~ 6 minutes read
The bottom line: Neither party has had a consistent view on the filibuster. Instead, people are more likely to support changes to the filibuster when their party holds the majority in the Senate, and vehemently oppose such changes when their party is in the minority.
In simple terms, the filibuster is a rule in the Senate that effectively requires legislation to have the support of 60 senators to pass — often referred to as a “supermajority”. What’s confusing about the measure is that a 60 vote threshold isn’t technically required to pass legislation, just to end debate or stop the addition of new amendments to the legislation.
The reason the filibuster effectively means that 60 votes are required for legislation to pass is because senators who do not support the bill often vote against ending debate, which ultimately blocks the Senate from moving forward to vote on the bill.
Opinions on the filibuster are often linked to either what party currently holds power, or what legislation is being held up by its existence. If you ask each side what the function of the filibuster is, they will describe it to you in ways that demonstrate their opposition or support towards the measure.
People who want to reform the filibuster often bring up the following arguments to support their cause:
People who want to keep the filibuster often bring up the following arguments to support their cause:
Members of both parties have shifted positions on the filibuster over the years.
In the past, when Republicans held the majority in the Senate, prominent Democrats such as Joe Biden and Senator Chuck Schumer were vocal in their opposition to ending the filibuster:
Senate Democrats used to defend the filibuster. What changed 🤔 pic.twitter.com/OMdrrbAK8d
— Heritage Foundation (@Heritage) January 11, 2022
And here is a tweet from Majority Leader Senator Schumer, highlighting a recent speech from President Biden arguing in favor of eliminating the filibuster:
You’re going to want to listen to President Biden make the case for taking the steps necessary to restore the function of the Senate so we can pass legislation in this Senate to protect the sacred right to vote: pic.twitter.com/p9KUFrzJPW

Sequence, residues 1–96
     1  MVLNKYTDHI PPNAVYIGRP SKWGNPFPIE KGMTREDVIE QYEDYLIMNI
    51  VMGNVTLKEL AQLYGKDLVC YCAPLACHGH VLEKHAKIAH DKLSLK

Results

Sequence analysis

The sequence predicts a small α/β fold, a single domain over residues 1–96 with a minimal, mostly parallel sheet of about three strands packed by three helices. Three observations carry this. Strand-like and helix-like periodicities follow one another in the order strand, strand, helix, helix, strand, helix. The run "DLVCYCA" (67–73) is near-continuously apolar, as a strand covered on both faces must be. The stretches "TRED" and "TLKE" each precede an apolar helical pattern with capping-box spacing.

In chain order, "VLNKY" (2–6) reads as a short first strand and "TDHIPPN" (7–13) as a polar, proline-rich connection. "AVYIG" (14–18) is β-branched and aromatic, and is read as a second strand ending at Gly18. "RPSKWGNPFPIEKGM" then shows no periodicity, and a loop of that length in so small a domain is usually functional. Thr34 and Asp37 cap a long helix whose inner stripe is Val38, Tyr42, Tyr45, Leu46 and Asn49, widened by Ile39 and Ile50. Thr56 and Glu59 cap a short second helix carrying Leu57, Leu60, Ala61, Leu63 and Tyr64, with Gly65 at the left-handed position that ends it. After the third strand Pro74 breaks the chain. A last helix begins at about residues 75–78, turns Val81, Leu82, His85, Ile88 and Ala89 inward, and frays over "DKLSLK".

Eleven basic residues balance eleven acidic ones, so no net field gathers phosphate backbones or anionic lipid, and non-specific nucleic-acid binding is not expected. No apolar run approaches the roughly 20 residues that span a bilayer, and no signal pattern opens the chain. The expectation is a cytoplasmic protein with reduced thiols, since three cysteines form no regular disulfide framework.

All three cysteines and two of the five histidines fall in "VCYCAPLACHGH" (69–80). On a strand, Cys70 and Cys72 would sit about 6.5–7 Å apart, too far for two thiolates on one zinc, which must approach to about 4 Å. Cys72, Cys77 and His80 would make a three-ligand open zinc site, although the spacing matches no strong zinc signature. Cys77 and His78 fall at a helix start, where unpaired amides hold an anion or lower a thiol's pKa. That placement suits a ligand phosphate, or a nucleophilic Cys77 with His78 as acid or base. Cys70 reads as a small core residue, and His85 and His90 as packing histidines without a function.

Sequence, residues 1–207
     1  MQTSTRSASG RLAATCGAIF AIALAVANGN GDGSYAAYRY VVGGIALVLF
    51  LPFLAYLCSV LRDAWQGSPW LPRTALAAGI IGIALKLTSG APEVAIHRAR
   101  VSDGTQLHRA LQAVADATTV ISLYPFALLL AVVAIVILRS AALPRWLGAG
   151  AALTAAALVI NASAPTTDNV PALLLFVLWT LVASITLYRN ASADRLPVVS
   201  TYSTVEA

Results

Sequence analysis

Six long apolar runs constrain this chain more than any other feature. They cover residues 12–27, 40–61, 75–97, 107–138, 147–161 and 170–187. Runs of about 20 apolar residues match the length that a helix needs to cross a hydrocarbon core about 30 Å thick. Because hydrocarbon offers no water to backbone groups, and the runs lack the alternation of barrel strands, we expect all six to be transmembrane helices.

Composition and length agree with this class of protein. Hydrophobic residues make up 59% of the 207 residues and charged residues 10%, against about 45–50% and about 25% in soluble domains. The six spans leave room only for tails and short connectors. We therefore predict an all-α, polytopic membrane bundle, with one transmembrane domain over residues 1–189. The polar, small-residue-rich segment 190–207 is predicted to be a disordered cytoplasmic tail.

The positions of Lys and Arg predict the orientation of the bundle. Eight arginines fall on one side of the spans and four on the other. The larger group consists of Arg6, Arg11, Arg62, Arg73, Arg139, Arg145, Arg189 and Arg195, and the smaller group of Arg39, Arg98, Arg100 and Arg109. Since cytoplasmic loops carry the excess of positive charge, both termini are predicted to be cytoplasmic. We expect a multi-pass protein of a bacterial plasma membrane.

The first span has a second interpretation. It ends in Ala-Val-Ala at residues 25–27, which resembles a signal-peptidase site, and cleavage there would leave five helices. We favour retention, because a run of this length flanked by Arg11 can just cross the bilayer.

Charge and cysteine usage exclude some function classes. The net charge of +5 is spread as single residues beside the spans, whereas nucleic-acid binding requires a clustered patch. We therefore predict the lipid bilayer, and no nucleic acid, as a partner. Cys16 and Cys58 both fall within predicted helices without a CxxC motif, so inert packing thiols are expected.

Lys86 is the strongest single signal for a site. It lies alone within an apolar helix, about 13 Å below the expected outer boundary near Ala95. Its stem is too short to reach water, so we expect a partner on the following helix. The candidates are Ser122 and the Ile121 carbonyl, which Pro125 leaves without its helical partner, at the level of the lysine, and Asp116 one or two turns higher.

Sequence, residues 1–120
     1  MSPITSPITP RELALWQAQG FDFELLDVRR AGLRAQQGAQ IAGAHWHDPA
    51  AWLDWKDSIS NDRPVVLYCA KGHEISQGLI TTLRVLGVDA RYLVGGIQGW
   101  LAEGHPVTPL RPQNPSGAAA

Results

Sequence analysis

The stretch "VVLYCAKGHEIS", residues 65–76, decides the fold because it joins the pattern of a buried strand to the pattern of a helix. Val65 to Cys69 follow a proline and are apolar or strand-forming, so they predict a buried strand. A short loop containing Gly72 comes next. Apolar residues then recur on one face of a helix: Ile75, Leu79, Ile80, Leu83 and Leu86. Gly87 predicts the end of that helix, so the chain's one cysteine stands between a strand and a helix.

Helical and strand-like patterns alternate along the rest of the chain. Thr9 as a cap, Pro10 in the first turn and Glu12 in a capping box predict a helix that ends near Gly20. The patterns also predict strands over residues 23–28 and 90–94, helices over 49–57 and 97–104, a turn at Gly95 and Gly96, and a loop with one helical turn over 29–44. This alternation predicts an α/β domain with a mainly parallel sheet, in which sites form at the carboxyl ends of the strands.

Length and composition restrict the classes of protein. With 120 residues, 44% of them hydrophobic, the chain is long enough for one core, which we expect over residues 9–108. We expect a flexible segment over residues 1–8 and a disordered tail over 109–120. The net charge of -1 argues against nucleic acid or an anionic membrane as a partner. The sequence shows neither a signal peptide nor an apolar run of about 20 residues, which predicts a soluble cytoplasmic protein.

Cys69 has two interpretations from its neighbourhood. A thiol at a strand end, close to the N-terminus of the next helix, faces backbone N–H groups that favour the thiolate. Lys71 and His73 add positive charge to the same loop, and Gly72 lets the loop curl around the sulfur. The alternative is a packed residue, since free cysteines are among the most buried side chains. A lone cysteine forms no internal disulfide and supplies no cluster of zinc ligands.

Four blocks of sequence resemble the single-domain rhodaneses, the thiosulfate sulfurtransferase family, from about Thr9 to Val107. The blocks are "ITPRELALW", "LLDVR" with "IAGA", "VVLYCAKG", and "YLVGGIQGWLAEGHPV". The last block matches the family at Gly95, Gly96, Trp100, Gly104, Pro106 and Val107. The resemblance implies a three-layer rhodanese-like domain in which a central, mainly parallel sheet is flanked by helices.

— Chuck Schumer (@SenSchumer) January 12, 2022
In 2017, then-Majority Leader Senator Mitch McConnell used the “nuclear option” (see “How would the Senate end the filibuster?” below for what this means) to change the number of votes required to confirm a new Supreme Court justice from 60 to 51 votes:
And here is a tweet from Minority Leader Senator McConnell highlighting his recent floor speech arguing in favor of preserving the filibuster:
The Framers built the Senate to protect against exactly the sort of inaccurate, irresponsible bullying which the President shouted at the country yesterday.
His reckless speech was the perfect case study for the importance of the Senate and its rules. https://t.co/bjuduHuaRW
— Leader McConnell (@LeaderMcConnell) January 12, 2022
Although frequent shifts in opinion on the filibuster make it tougher to understand our contra-partisans’ position on this issue, we shouldn’t penalize people for changing their minds. After all, adapting to new information and circumstances is a key component of political mindfulness — so long as we examine our motivations for doing so.
“The nuclear option leverages the fact that a new precedent can be created by a senator raising a point of order, or claiming that a Senate rule is being violated. If the presiding officer (typically a member of the Senate) agrees, that ruling establishes a new precedent. If the presiding officer disagrees, another senator can appeal the ruling of the chair. If a majority of the Senate votes to reverse the decision of the chair, then the opposite of the chair’s ruling becomes the new precedent.”